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Hockey guru was ahead of the game
Date: Wednesday, February 27, 2002
Source: by Douglas Fisher, Toronto Sun


Hockey is our common denominator. The long-awaited Olympic victories renew our collective spirit. Great!

Yet notwithstanding this joy all around, mine is incomplete. Why? It goes back 50 years.

In 1951, I was a hockey fan, an ex-rink rat and a regular “snowbanker” at the nearest ice when I fell upon The Hockey Handbook. Its author was Lloyd Percival, then 38, a Torontonian, a superb cricketer, a renowned track and field coach and a national figure among kids since the early 1940s as the creator and host of Sport College, a CBC radio program for youth on fitness and skills for sports. Lloyd and his “how to” pamphlets were must reading from coast to coast. The Hockey Handbook came out because hockey was the top interest of his listeners.

Percival tended to the clinical and jesuitical, rather than to “homespun” wisdom as a coach. He wrote clearly and was big on charts and diagrams. He revelled in “blue- skying” about the potentials in strategy and tactics in team games like hockey and soccer.

To illustrate his hockey analysis, he had exemplar actions in the six-team NHL of the time and – heresy of heresies – his critique cast doubts on some aspects in Maple Leaf play he thought aimless and useless.

A few years after reading his book, I was working up a magazine article on Conn Smythe, creator of the Leaf franchise, and I found both Conn and Hap Day, then the Leaf coach, scornful about the hockey vision in the handbook. Indeed, only Jack Adams of the NHL (then manager of the Red Wings) took any interest in the book.

It didn’t really catch on in either the National Hockey League or the Canadian Amateur Hockey Association. But the book found a fan and sponsor far away in the USSR in Anatoli Tarasov, then emerging as a coach of a newish endeavour for Russians – the widespread playing of hockey.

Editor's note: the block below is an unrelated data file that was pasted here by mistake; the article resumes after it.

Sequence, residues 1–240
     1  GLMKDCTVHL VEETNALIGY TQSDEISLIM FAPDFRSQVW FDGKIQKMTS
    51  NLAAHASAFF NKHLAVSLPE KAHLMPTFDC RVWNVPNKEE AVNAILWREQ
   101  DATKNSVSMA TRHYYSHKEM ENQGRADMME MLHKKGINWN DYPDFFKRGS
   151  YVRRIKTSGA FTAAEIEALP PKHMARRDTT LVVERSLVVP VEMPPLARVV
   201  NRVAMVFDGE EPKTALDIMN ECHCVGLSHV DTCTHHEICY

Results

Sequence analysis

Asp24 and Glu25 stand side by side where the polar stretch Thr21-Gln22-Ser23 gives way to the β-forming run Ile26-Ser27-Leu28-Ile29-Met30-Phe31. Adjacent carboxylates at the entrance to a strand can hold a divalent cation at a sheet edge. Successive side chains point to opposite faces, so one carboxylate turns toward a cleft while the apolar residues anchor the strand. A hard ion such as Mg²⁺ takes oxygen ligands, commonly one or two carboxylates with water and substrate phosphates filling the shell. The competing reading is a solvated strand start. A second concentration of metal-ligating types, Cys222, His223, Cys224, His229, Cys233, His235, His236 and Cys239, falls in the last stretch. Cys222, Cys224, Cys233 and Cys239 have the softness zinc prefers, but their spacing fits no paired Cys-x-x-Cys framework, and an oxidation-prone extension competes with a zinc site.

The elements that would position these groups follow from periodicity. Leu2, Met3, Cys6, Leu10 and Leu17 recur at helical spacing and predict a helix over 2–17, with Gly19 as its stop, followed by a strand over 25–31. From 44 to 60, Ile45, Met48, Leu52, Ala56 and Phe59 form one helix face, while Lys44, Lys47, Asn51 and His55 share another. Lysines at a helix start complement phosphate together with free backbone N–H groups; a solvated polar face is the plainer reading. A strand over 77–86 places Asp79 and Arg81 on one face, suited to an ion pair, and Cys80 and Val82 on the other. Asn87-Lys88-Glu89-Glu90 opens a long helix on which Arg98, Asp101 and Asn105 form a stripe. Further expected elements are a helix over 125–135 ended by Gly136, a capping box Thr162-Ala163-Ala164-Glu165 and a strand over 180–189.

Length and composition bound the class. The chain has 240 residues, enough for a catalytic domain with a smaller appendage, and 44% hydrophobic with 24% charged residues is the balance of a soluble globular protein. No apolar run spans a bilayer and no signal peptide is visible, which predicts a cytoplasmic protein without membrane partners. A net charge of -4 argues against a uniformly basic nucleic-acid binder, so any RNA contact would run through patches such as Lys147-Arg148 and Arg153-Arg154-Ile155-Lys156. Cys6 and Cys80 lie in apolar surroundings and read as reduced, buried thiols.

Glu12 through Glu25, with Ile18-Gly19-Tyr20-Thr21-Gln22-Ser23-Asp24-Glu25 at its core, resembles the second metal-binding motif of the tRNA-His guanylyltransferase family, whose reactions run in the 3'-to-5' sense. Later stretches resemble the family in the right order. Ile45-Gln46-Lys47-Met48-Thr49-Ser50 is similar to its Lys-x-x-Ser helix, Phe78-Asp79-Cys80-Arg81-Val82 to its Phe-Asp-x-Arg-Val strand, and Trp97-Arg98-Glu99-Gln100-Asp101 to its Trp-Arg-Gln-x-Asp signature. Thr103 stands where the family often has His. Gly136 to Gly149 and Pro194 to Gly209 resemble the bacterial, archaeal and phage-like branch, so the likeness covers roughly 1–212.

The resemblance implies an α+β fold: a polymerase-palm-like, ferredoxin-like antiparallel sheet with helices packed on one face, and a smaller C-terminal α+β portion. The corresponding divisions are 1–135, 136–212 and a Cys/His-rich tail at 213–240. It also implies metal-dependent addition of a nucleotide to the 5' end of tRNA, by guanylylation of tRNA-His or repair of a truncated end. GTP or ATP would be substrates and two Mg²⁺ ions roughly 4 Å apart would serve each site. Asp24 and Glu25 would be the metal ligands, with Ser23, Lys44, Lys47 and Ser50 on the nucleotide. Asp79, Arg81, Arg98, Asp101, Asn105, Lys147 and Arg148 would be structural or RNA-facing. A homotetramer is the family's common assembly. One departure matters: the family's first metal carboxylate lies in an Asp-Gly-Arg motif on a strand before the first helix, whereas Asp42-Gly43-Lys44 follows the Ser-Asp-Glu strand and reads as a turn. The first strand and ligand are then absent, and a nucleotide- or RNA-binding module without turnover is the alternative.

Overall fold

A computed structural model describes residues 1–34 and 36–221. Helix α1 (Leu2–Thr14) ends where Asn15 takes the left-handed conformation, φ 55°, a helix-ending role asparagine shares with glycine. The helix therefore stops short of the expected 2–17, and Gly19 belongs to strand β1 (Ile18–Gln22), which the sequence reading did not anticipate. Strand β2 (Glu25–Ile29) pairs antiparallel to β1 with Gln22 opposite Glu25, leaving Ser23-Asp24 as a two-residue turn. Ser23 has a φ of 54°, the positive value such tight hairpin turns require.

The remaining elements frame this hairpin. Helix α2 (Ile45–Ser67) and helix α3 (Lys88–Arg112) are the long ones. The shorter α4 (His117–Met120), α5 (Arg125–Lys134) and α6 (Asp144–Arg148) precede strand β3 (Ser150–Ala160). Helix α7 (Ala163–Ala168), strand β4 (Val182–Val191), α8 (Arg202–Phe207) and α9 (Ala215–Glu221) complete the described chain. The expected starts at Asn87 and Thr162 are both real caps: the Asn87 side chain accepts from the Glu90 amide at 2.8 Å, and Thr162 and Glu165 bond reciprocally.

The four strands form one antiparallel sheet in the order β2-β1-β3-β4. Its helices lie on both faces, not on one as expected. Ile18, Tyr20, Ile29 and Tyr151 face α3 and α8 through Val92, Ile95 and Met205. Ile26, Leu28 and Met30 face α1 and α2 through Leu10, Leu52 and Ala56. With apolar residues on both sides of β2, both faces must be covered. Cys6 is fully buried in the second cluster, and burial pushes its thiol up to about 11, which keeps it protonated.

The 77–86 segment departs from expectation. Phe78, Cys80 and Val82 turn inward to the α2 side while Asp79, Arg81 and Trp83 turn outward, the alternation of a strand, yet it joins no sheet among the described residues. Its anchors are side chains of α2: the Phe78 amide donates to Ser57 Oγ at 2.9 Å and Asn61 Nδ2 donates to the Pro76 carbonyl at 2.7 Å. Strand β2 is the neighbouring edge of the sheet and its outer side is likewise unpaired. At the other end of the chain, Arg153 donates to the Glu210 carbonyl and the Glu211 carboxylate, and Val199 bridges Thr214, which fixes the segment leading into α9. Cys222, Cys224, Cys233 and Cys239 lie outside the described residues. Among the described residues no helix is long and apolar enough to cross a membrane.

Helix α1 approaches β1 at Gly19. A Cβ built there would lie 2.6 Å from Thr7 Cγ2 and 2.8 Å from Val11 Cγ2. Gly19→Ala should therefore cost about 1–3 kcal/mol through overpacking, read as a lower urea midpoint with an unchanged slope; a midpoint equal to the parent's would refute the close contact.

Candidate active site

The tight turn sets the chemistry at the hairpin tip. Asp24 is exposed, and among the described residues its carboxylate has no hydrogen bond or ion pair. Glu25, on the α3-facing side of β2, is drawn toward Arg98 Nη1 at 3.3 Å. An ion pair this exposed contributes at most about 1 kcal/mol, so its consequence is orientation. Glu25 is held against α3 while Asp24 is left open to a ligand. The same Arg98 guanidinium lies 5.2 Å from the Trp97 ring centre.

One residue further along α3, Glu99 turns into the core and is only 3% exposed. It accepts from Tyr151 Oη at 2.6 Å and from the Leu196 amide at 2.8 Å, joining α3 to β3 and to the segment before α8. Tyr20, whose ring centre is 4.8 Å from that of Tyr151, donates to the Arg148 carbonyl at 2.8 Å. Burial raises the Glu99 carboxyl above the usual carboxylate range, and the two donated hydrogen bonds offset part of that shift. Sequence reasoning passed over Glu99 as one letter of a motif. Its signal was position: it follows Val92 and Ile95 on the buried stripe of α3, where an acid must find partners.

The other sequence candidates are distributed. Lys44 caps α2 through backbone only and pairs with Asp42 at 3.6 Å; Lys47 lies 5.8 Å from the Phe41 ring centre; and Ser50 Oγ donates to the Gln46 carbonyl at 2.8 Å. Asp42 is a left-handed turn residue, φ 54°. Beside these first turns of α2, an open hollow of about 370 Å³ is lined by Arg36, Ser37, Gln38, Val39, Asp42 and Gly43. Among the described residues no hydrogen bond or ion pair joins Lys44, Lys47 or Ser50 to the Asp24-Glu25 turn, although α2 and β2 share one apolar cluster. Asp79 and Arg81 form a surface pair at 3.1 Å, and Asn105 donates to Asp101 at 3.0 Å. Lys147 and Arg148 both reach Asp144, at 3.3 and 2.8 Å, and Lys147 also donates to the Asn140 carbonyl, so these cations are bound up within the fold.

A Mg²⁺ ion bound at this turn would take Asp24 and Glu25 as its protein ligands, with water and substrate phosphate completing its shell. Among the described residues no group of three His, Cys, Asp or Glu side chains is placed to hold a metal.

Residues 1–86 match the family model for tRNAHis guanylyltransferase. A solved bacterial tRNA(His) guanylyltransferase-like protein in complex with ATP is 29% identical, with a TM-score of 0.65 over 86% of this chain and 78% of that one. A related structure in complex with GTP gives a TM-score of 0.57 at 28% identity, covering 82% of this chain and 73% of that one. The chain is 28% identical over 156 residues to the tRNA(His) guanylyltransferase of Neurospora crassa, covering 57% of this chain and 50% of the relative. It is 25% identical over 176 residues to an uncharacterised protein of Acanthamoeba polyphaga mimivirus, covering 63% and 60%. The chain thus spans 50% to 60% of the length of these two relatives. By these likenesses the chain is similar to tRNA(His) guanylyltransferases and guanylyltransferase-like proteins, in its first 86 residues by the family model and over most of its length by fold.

Coach Tarasov developed what was later called the Russian hockey system based on such Percival emphases as puck control marrying passing and skating dexterity. Who had the puck was more important than where the puck was on the ice. Developing control of it had to be founded on continual passing on the move.

Not for Percival or Tarasov the firing of the puck into the enemy zone and piling in for goalmouth scrambles and screened shots. There was no stress on rough stuff: the rubbing out along the boards, grabbing, hooking, slashing and punching.

The Percival hockey line touted better conditioning through weights and dry-land training for each player, and drills on passing, shooting, kicking the puck and using all the ice space. Training hours should never be wasted on practice games and scrimmaging.

Percival’s aim was for players and teams with more speed and finesse and less violence than the norm in North America. To me, the book was a revelation of what hockey might be.

In a few years, I learned the Russians were into Lloyd’s handbook; so were the Czech phys-ed professors at the university in Prague; so were several university coaches in the U.S. But the years went by and nothing much changed in coaching and play in the NHL or in the expanding Canadian “Junior A” hockey leagues in Canada (which so quickly became the basic farm supply for NHL franchises).

By the time I got a chance to stick my stick into the game of hockey in 1969 as a director of Hockey Canada, Canadians en masse were seething because the USSR was consistently both world and Olympic hockey champions. We couldn’t match them using amateurs and retired pros.

The plan of Father David Bauer to create a winner for Canada from well-trained “amateurs” was failing. His teams were excellent as such, but short of the Russians in both system and basic talents. As a federally appointed director of Hockey Canada, along with six or seven other men, I got into negotiating a new deal. We set out to entice both the USSR to take part in, and the NHL owners to permit, a Canada-USSR series in which Canada could use the best Canadians in the NHL. It took just over two years to line up the eight-game, home-and-home series of 1972.

Simply put, the crucial impetus of both sides was to prove their superiority. The vital catalyst for the deal was the backing of the NHL Players’ Association.

I kept it to myself, but I was probably the only Canadian negotiator who thought the USSR an even or better bet to win. It almost was so.

As sport pages since 1972 keep stating: “The ’72 series changed hockey forever.” It certainly put hockey on the world map. It brought much emphasis on player fitness and strength. It even encouraged analysis of the Percival sort wherever the game was played.

So what’s my point? Why the shortfall in my joy from the victory last Sunday?

Because we ought to be better. We’ve a superior base in facilities and the numbers playing the game, plus the huge national and local commitment to it. We waste or snuff out early so many prospects. The violent are still prevalent and honoured. There are fewer players like Lemieux, Lafleur and Sakic than there should be. We still ignore the hockey bible Lloyd Percival wrote so long ago. He died rather young in 1974.

The Toronto Sun
Copyright © 1997, SunMedia Corp.